"But our citizenship is in heaven. And we eagerly await a Saviour from there, the Lord Jesus Christ, who, by the power that enables him to bring everything under his control, will transform our lowly bodies so that they will be like his glorious body" (Phils. 3:20&21).
2. We do not lose heart because we see an Eternal Purpose
Verse 5 of 2nd Corinthians 5. He says: "Now He who prepared us for this very purpose is God, who gave to us the Spirit as a pledge." Sometimes people -- and I think typically in the world -- they think that when you die, that's the end of any meaning in your life; that you've got to cram this temporal life with everything 'cause this is all there is, right? That is the typical humanistic perspective. Well, we know better than that. Frankly, the human part of our life, life in this world for a believer, is incidental. It really is incidental. It isn't the purpose of God. And that's what Paul is saying. "He who prepared us" for this immortality, for this new body, for this eternal glory, "...is God." He prepared us for this very purpose.
So that we can say that when a believer dies, they have achieved the end for which they were originally created. We can even go back further than that. We can say that they have reached the goal for which they were originally chosen by God before time began, and had their names written in the Lamb's book of life. When God wrote our names in the Lamb's book of life before the foundation of the world, he wrote that we would live how ever many years on earth, and he wrote that we would live eternally in the presence of Christ, didn't he? So when we look at the death of a believer, we don’t see the end of His purpose. That's the eternal perspective. From the vantage point of the world, it looks like the end. But from our vantage point, it's just the beginning; eternal glory and eternal body and eternal purpose.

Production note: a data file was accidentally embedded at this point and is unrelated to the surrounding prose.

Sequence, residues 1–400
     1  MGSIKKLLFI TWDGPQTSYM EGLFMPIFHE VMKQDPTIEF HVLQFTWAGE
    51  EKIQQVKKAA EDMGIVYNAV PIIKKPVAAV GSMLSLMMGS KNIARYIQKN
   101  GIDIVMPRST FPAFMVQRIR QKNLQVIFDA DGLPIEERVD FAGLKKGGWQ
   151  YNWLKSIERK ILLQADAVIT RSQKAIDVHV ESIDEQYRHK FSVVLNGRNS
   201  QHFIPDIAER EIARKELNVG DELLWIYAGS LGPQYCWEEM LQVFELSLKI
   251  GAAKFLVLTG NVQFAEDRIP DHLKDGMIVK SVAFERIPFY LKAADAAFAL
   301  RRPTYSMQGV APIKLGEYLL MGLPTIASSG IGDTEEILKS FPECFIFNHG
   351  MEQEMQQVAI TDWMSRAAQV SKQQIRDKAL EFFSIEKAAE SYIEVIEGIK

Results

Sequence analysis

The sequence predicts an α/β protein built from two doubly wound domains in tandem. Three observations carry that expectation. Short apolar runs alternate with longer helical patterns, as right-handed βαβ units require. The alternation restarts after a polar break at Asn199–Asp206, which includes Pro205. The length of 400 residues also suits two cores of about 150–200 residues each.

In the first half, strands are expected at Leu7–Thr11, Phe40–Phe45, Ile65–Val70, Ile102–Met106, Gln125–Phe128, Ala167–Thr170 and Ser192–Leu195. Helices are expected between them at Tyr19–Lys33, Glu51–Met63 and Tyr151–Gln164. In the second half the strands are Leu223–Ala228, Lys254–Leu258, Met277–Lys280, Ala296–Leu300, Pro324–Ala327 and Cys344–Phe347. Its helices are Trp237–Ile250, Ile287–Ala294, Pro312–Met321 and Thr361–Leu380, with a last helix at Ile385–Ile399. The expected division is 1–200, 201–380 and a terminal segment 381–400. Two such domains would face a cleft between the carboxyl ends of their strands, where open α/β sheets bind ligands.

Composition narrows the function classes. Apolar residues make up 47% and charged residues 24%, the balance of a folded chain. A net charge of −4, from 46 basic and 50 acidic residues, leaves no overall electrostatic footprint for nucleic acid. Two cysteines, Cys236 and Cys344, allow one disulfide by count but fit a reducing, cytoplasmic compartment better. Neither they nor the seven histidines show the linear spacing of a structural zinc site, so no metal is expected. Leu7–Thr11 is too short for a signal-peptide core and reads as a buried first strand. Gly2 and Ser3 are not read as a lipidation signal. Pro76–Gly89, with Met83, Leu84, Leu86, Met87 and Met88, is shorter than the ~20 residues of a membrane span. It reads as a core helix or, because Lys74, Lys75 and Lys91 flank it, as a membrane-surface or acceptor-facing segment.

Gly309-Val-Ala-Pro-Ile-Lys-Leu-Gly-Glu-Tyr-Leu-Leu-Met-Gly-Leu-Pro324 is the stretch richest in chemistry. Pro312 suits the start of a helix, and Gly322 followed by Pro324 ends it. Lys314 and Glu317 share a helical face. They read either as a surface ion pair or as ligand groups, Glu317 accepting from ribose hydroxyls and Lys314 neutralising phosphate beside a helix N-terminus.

3. We do not lose heart because we see an Eternal Fellowship
6: "Therefore, being always of good courage, knowing that while we are at home in the body we are absent from the Lord." And further, he kinds of turns it around and says he prefers, rather "to be absent from the body and to be at home with the Lord." Now, there is the perspective of a Christian.
We're not at home here. We're really absent from home here. We make a home here. We have a family; we have marriage; we have children and grandchildren, and friends and associates, and we enjoy a certain measure, particularly Christian people, a certain measure of what heavenly fellowship will be like. But we are absent from the Lord. We are absent from His presence, and from our eternal home whichis being prepared for us even now. John 14. So this is not where our home is. We are just passing through. Our home is there; our Father is there; our Saviour is there. Our name is there; our inheritance is there. Everything that is ours eternally in the purposes of God is there. The presence of the Lord, "at home with the Lord." Often, I have been asked: When we get to heaven, are we going to know our spouse? Are we going to know our family? Are we going to know our friends? Of course. You're going to know everybody. And people sometimes get focused on reunions in heaven. But the greatest fellowship of heaven isn't going to be with believers. The greatest fellowship in heaven is going to be with the Saviour.